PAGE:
Date of Award
Master of Science
Department of Systems Engineering and Management
Kevin L. Elder, PhD
Joint Vision 2020, the Department of Defense (DoD) blueprint for development and transformation, identifies information and technology as critical enablers for our nation's military and calls for the development of a joint force capable of integrated information sharing to provide decision superiority, the ability to make and implement better decisions before enemies can react (DoD, 2000). Networks have been identified as the single most important element for transforming our current military forces. Ironically, Air Force base-level communications networks have been identified as a weakness. This research follows the qualitative approach to increases the current understanding of base level communications networks by conducting a multiple site comparative case study that includes practitioner interviews at four locations and the examination of existing literature and documented trip reports. This study determines if base- level networks are disparate, isolates sources of disparity, identifies advantages and disadvantages of disparity, and recommends an appropriate course of action. This research is significant for members of the Air Force, DoD, and private citizens. Air Force networks support close to three-quarters of a million users, including active duty service members, Air Force Reserves, Air National Guard, civilians, and embedded contract employees (McCarter, 2003). In addition to potentially affecting many people and the larger DoD network, base-level networks provide support to deployed warfighters and provide the environment to train, organize and equip our forces. Additionally, these networks provide critical information to key decision makers.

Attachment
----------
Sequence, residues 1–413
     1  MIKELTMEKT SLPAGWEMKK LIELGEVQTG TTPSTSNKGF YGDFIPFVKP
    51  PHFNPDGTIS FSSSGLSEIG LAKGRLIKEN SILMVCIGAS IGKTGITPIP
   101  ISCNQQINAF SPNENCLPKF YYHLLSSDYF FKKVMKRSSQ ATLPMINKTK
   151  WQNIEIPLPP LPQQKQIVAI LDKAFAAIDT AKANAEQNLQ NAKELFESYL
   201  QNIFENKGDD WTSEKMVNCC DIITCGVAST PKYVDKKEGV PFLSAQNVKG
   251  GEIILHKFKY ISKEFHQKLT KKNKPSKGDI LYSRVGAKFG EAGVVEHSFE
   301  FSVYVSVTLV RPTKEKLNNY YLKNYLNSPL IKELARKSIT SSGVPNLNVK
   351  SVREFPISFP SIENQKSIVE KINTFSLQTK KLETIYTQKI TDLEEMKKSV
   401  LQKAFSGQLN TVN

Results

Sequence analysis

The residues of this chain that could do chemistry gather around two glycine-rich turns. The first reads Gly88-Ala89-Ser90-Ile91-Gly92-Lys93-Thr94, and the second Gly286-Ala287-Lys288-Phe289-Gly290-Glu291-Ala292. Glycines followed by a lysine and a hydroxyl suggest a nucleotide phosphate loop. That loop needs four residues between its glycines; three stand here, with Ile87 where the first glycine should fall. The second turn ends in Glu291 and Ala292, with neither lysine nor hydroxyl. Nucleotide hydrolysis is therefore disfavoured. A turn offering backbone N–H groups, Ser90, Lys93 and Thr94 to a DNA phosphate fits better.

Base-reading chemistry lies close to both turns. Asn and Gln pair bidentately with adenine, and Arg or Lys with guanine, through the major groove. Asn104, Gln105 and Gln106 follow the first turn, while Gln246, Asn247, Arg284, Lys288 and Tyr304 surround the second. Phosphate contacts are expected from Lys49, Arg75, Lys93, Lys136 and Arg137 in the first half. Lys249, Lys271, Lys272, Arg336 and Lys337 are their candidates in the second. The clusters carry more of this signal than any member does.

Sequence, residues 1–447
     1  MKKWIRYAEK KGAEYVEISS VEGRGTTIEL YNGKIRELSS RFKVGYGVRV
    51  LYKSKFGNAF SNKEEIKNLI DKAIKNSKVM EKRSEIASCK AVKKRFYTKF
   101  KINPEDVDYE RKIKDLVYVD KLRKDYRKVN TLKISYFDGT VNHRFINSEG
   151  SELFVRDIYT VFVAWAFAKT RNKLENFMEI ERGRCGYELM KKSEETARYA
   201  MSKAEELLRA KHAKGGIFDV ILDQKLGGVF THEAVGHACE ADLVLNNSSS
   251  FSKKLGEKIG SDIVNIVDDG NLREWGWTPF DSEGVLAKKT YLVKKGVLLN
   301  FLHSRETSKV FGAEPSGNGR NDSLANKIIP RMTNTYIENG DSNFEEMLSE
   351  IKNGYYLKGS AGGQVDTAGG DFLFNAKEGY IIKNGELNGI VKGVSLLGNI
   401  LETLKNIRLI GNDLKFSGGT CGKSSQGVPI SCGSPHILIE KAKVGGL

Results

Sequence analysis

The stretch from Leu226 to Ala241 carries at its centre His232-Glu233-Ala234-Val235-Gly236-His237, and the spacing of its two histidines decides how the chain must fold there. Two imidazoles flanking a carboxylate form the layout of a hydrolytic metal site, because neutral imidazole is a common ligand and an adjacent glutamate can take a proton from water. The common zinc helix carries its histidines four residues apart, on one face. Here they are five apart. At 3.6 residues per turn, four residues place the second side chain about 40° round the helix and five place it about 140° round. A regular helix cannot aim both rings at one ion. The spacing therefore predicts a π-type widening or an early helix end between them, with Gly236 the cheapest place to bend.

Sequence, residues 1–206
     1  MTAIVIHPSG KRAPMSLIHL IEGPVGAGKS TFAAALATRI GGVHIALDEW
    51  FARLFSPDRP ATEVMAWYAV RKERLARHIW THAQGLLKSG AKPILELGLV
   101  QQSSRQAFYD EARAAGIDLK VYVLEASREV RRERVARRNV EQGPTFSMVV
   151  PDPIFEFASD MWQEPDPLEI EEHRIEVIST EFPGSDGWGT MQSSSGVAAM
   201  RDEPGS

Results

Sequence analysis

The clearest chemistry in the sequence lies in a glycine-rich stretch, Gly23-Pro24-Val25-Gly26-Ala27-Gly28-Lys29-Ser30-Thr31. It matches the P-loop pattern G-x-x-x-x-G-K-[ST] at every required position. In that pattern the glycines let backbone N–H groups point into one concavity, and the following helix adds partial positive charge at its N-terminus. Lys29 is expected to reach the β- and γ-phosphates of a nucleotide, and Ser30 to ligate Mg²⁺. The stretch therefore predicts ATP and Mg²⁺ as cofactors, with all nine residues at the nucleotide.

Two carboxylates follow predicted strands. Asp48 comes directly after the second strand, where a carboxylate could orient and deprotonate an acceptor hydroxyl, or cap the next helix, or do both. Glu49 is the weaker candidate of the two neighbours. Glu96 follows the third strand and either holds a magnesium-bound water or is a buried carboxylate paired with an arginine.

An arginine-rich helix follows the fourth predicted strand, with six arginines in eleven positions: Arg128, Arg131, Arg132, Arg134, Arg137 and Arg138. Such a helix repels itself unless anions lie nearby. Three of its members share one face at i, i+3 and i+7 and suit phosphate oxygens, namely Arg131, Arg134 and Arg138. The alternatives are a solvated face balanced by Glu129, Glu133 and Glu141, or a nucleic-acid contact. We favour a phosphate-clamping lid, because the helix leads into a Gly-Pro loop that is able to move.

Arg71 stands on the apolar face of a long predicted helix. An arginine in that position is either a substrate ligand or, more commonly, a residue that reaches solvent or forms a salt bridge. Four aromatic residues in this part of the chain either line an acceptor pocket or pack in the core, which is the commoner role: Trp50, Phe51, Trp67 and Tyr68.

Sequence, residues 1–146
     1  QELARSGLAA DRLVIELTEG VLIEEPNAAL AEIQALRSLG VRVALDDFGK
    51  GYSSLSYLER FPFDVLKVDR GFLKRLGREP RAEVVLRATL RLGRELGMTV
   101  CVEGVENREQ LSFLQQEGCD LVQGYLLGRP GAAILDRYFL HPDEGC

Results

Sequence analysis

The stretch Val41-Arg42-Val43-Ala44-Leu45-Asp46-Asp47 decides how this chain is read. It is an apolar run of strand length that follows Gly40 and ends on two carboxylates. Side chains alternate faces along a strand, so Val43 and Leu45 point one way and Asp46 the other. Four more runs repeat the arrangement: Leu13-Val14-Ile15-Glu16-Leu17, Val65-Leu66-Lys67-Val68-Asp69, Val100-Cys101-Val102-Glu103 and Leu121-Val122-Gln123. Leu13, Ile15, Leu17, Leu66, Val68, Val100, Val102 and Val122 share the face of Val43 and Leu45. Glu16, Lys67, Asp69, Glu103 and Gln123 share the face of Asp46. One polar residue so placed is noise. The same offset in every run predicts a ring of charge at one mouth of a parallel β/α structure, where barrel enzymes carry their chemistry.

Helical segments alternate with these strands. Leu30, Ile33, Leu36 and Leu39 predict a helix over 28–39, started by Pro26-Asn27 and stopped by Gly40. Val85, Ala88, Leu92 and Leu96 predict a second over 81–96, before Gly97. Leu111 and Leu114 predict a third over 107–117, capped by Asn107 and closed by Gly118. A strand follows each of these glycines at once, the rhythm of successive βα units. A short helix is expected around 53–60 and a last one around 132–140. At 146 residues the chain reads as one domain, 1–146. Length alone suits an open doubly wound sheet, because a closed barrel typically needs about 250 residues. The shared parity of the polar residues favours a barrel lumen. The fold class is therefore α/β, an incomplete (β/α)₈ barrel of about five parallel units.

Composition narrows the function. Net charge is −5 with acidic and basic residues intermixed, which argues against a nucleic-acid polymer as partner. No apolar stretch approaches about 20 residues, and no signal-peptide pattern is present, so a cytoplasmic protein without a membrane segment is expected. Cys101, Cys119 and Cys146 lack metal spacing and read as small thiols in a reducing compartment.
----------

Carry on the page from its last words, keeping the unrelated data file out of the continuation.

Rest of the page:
DTIC Accession Number
Boyd, Charlie W. Jr., "Exploratory Inquiry: Disparate Air Force Base Area Network Architectures" (2005). Theses and Dissertations. 3809.